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Player Faceoff: Michael Thomas, New Orleans

Two staffers go head-to-head and discuss Michael Thomas

The staff members at Footballguys are full of opinions. In a Faceoff, we allow two members to voice their opinions on a specific player. One picked the high side, and the other took the low side.

High Side: Devin Knotts

The Saints made a big bet in the offseason trading away one of their best wide receivers in Brandin Cooks in the offseason. The reason that they were able to do this was the breakout star that is emerging in Michael Thomas. Thomas should see an increased role heading into his second season, but you do have to pay a premium for the wide receiver as he is currently being drafted as the seventh wide receiver heading into this season.

The most impressive part of Thomas’ game was his catch rate. He caught 75.4% of the targets that he saw which was the highest in the NFL last season for a starting wide receiver. The best part about this is that with Cooks departing New Orleans, there are another 117 targets that need to be distributed throughout this offense. Even if Thomas were to only get 30 of those 117 additional targets, he would be looking at 152 targets which would put him in the elite category of receivers for targets and then if he can continue this catch rate he could lead the NFL in receptions.

The most exciting part about Michael Thomas’ game is that last year was an adaptation to a new offense as a rookie. In college, Thomas went to Ohio State which has a run first offense which explained why a lot of people were down on him heading into this season as he did not have the flashy numbers that you expect coming out of college. This shows that Thomas still has upside and will continue to build off of his 2016 rookie season and as he continues to learn the position and learn the Saints offense will provide tremendous upside to his fantasy outlook for 2017 and beyond.

You may say to yourself that you do not want to pay the premium for Thomas but if you look at the wide receivers after him, there are major concerns for all of them. T.Y. Hilton and Dez Bryant are two receivers going immediately after Thomas and the concern with them is much higher than a sophomore slump for Thomas as Hilton has an issue where he’s shown inconsistency throughout his career and Andrew Luck may not be ready for the first game of the season. Dez Bryant has played in just 24 games over the last two seasons and his volume under Dak Prescott fell off drastically compared to his prime years with Tony Romo. He is the last of the elite wide receiver tier and is well worth a high second round pick for this year.

Low Side: Ari Ingel

With Brandin Cooks out of town, Thomas is the lead dog in this receiving corps. He had a monster rookie season, finishing with 92 receptions for 1,137 yards and 9 touchdowns, with his reception and yard totals being the 2nd and 7th best respectively ever for a rookie. Furthermore, he was Pro Football Focus' (PFF) 5th rated wide receiver last year and finished with Football Outsiders second best DVOA score, which represents value, per play, over an average wide receiver in the same game situations. Additionally, in Matt Harmon's Reception Perception metric he performed amazingly well, finishing with some of the best numbers on the season: Success rate vs: Man-74%, Zone-84%, Double-73%, Press-80%. So clearly Thomas is a great player and there is so much to love.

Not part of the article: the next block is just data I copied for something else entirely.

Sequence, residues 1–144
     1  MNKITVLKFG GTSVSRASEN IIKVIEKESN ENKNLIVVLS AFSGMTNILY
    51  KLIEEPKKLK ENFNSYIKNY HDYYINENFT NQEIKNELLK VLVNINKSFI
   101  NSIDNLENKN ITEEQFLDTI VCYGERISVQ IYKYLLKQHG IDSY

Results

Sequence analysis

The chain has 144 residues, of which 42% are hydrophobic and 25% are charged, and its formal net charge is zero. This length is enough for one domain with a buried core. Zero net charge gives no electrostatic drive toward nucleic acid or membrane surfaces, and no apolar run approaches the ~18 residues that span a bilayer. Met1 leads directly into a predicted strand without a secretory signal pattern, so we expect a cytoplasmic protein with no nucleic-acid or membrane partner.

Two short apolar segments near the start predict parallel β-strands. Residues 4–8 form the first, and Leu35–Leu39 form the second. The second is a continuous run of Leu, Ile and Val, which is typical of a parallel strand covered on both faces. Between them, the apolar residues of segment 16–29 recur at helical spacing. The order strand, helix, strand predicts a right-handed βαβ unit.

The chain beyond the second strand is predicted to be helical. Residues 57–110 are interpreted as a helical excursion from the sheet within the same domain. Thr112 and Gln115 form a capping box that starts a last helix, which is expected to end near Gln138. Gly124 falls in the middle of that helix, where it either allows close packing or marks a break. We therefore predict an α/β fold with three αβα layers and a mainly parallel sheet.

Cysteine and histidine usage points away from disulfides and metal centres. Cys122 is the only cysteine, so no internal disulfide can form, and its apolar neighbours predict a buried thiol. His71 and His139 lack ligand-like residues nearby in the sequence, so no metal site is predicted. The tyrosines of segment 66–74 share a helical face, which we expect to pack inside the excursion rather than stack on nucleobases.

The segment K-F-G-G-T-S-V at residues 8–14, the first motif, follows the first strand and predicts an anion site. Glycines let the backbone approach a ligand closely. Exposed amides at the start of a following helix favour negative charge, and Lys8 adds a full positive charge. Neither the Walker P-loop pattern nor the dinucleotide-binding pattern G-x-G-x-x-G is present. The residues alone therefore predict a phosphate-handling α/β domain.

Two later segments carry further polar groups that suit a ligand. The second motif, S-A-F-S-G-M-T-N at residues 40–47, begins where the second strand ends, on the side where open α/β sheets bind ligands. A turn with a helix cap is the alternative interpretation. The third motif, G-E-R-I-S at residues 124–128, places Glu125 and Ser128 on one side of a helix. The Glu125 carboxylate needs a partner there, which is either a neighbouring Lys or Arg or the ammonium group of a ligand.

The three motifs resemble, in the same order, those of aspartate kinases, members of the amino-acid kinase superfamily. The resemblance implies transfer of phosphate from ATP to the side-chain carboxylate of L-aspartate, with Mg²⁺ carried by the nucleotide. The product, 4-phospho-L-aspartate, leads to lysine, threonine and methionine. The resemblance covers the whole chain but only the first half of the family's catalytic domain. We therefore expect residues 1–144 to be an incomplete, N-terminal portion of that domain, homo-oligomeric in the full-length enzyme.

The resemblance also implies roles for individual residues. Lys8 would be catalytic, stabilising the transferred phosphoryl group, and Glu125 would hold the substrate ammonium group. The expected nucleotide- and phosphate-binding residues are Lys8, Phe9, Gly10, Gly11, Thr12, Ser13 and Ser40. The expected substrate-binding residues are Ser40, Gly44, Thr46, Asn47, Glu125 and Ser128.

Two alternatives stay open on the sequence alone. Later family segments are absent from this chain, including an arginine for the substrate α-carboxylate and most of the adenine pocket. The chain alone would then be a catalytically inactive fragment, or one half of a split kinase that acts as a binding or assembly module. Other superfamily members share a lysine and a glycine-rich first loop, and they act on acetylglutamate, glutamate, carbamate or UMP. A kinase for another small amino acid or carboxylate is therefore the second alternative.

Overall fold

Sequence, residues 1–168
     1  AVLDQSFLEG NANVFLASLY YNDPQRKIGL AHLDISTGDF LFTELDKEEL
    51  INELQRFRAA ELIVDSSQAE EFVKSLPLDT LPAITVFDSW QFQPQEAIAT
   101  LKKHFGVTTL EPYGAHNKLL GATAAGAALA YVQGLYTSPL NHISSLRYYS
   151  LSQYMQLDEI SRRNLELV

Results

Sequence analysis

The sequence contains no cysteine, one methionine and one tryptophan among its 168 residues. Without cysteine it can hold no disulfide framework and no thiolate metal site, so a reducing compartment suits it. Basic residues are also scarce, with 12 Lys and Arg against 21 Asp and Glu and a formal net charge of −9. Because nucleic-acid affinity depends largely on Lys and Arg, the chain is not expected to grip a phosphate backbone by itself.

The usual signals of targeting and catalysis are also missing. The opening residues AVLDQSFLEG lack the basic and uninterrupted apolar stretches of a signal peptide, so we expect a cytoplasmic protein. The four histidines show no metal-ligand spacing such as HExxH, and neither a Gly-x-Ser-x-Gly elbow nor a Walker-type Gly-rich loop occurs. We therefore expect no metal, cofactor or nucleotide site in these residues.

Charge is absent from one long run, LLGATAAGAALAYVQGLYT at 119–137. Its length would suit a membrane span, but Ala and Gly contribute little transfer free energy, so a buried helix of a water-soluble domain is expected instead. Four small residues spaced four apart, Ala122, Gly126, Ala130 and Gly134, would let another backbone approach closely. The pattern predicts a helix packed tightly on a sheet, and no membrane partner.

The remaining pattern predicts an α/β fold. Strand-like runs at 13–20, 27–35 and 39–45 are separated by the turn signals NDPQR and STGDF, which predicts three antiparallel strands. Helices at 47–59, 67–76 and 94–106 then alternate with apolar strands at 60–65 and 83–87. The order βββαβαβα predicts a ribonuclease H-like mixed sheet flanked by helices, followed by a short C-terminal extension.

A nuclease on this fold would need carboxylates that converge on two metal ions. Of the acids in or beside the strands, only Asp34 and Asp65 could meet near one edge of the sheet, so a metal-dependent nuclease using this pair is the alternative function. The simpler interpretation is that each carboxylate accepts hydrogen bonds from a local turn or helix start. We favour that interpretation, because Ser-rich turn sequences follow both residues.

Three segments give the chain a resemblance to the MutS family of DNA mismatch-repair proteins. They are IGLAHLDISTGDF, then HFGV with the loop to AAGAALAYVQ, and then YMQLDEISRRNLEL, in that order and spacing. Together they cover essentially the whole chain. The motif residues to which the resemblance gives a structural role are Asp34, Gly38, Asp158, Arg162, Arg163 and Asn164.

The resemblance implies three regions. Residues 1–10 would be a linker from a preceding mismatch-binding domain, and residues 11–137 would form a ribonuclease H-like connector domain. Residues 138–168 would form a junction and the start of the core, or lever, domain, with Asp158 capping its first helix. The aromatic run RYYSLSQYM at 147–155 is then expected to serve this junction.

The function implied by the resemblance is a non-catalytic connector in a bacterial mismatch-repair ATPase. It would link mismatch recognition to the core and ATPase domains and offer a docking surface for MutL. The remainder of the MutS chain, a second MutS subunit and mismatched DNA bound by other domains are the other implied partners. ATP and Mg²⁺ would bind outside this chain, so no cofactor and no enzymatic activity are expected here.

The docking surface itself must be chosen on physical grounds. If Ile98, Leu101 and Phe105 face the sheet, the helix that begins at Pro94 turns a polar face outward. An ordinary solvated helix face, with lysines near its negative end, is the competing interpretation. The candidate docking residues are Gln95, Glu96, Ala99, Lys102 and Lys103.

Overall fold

The problem with Thomas is his average draft position (ADP), which is currently 2.02 and is the 5th wide receiver off the board. What you need to keep in mind is that it's not as easy being the man, taking on teams top corners and/or seeing double coverage and being game planned for, then it is having a guy like Brandin Cooks on the other side of the field taking some of the pressure off. As Scott Barrett at PFF mentioned, Thomas had the 4th easiest corner back schedule last year, while Cooks had the 52nd hardest out of 95 receivers. This year, the Saints have the leagues 7th toughest schedule for outside receivers, so life is going to be significantly tougher for Thomas.

Drew Brees also likes to spread things around and Saints lead receivers usually see around a 20% target share, while 36 receivers in the league saw more than 20% last year. And while the Saints have a high volume pass attack and the quality of those targets are top notch coming from Brees, he is 38 years old and there have been reports that they want to run the ball more, which is one reason they signed Adrian Peterson. Taken as a whole, while I love the talent but he's being drafted probably 5 to 10 draft slots too early.